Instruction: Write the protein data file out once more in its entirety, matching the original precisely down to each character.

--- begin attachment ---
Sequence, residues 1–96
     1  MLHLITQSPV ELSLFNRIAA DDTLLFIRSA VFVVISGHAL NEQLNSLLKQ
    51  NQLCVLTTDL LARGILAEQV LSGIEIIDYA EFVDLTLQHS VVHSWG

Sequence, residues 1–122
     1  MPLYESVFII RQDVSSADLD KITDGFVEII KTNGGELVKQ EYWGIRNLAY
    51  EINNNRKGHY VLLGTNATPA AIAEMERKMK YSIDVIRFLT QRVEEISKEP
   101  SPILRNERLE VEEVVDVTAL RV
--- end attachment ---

Sequence, residues 1–96
     1  MLHLITQSPV ELSLFNRIAA DDTLLFIRSA VFVVISGHAL NEQLNSLLKQ
    51  NQLCVLTTDL LARGILAEQV LSGIEIIDYA EFVDLTLQHS VVHSWG

Sequence, residues 1–122
     1  MPLYESVFII RQDVSSADLD KITDGFVEII KTNGGELVKQ EYWGIRNLAY
    51  EINNNRKGHY VLLGTNATPA AIAEMERKMK YSIDVIRFLT QRVEEISKEP
   101  SPILRNERLE VEEVVDVTAL RV